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1 Answer 1

up vote 0 down vote accepted

No, you don't need the context objects for the callbacks if you're constructing it in the scope of writeMessage. (The scope is local to each call of the function.)

This:

    function (text, context) {
        var args = context.args;
        var d = context.messageElement;

Could just as easily be:

    function (text) {

And request.done can read:

    request.done(function (result) {
        var txt = defaultText;
        try {
            if ($.isPlainObject(result))
                txt = result.Detail;
        }
        catch (e) {
        }
        finally {
            if (typeof cb == 'function')
                cb(txt);
        }
    });

Arguments are scoped to each call of the function they're an argument to. var variables are scoped to calls of the first function above the var statement. The scope only persists until the brace that closes that function.

So, in this code:

function writeMessage(args) {
  var d = $('<div></div>');
  var rid = args.resourceId;

  var cb = function (text) {
    var exampleVar = text.toUpper();
    d.textContent = exampleVar + rid;
  }

  getTextResource(rid+'-san', 'foo', cb)
  getTextResource(rid+'-chan', 'bar', cb)
}

function getTextResource(resourceId,defaultText,cb) {
  // for simplicity's sake let's just simulate a default scenario

  // Note that the `resourceId` passed to `getTextResource`
    // is in no way passed to the callback here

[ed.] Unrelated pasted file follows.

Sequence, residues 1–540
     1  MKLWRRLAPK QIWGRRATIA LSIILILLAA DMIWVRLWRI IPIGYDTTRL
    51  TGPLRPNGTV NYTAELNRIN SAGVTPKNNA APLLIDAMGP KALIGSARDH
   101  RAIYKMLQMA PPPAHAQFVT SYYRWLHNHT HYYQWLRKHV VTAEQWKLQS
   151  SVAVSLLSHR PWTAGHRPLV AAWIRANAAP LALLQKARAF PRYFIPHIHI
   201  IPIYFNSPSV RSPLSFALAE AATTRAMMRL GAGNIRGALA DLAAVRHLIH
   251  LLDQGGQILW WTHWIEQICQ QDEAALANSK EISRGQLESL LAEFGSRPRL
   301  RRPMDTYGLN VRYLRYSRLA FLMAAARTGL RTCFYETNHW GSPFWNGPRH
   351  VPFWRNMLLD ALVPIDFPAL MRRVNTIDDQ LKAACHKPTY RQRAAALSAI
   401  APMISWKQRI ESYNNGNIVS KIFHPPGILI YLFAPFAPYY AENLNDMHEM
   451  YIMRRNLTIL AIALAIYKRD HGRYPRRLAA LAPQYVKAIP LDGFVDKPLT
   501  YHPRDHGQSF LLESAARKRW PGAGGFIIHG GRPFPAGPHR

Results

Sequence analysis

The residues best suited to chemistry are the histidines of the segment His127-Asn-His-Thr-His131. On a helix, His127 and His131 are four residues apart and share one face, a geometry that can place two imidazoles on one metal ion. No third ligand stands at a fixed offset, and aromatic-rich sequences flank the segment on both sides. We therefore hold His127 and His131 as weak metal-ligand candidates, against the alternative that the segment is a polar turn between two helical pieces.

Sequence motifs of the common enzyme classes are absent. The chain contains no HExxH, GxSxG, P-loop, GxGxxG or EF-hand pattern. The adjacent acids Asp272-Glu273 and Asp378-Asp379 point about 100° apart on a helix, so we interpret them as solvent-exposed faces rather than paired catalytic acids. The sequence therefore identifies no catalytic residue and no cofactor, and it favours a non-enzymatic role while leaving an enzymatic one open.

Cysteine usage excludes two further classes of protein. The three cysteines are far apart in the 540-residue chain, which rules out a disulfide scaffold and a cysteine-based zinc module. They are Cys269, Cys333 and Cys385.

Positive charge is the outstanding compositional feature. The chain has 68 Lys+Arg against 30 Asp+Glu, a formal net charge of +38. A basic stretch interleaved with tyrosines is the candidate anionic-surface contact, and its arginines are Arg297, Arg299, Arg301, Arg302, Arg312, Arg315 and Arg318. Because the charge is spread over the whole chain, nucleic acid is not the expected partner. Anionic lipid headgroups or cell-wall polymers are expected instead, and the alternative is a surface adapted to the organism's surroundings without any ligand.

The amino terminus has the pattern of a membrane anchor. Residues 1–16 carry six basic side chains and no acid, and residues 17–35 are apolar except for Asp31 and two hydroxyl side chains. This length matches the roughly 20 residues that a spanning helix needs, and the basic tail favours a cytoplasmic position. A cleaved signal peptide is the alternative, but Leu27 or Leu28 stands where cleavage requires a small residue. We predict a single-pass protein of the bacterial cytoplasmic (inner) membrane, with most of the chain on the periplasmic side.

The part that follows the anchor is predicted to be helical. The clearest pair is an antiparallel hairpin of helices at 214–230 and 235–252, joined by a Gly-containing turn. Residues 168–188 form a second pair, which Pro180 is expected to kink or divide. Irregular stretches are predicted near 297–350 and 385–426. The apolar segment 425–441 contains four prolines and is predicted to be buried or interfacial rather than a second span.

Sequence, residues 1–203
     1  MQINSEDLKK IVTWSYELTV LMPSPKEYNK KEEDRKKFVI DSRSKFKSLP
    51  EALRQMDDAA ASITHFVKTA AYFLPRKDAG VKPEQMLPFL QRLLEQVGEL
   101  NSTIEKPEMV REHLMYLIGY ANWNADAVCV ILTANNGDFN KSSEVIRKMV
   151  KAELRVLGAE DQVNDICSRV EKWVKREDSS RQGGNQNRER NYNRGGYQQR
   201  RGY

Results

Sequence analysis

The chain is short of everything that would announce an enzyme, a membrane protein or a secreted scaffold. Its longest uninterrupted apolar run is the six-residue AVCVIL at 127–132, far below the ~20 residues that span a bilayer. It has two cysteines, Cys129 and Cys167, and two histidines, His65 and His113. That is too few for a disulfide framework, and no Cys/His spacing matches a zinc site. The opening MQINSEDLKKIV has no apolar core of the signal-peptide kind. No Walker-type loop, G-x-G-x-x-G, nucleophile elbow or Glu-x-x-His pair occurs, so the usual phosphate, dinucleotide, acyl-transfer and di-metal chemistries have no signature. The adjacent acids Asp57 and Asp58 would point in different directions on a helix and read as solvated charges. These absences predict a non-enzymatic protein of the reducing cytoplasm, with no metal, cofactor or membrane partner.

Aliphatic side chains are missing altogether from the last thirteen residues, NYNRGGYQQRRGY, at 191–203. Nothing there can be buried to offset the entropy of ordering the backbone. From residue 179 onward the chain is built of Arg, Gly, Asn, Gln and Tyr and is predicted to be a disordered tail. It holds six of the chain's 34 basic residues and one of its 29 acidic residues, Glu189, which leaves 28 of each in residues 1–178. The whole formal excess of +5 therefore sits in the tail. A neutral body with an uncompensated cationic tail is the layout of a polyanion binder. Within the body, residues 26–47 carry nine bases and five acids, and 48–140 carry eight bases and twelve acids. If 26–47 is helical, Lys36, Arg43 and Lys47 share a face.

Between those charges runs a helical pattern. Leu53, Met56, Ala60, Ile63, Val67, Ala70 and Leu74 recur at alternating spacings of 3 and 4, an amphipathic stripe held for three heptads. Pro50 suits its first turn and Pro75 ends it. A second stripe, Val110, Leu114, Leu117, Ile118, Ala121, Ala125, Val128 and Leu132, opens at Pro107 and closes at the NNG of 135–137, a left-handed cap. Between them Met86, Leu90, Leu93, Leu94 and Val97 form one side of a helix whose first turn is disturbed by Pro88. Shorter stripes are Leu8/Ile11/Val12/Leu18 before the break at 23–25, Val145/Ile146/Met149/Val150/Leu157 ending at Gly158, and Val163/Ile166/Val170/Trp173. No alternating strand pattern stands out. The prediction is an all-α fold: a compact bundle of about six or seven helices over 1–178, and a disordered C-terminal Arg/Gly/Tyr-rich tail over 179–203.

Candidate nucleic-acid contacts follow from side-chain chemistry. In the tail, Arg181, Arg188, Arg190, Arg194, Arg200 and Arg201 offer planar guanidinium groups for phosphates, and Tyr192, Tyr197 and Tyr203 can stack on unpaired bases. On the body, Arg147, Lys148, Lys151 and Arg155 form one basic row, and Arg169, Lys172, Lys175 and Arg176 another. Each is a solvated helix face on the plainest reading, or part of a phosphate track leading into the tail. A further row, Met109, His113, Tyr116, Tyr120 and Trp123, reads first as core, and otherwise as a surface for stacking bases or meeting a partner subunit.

cb(defaultText);
}
  • args, rid, and d are local to each call of writeMessage.
  • text and exampleVar are local to each call of the callback cb.
  • resourceId and defaultText are local to each call of getTextResource.
  • cb is the callback we construct in writeMessage, and the callback we pass in in getTextResource. Although they have the same name, the different scopes mean they're effectively to be treated as two different variables. (If this is confusing, see the analogy below.)
  • When getTextResource calls the callback with 'bar', it will modify the same d as when it calls the callback for 'foo', because the d used in the callback is local to the writeMessage in which it was constructed.
  • The value of exampleVar that the textContent of d is set to will be different across each call, though, because it's local to the callback.
  • The value of exampleVar will not end with an additional '-san' or '-chan', because they are appended to the resourceId in the scope of getTextResource, which is in no way visible to the scope of writeMessage (where the variable is called rid and not resourceId anyway).

An analogy for variables with the same name in different scopes

Variable names refer to different values in different contexts, like how "Bob" means a different person in Bob's Burgers than it does in Bob the Builder. However, it's possible for the "Bob" in one context to refer to something that was also called "Bob" in its original context, like in the first episode of Archer season 4 where Sterling is called "Bob" and works at "Bob's Burgers" (as a reference to H. Jon Benjamin providing the voice for both characters). You could claim it's a coincidence and the "real" Bob's Burgers "Bob" exists somewhere else in the world of Archer, but whether or not he's the same "Bob" across the two contexts is irrelevant to him being the same "Bob" from one scene in Archer to the next.

share|improve this answer
    
Amazing. So it's pretty much "thread safe". If getTextResrouce gets called on a thread (say from a setTimeout), since the variables are scoped to the function I'm safe. If that's the case I wrote all my JS way too complicated! :( –  user1949561 Mar 2 '13 at 17:33
    
WOW! That was extremely well written and explained post! Kudos, I really appreciate and respect your ability to have understood my question and clearly convey how it works. Totally get it now xD, TY –  user1949561 Mar 2 '13 at 18:27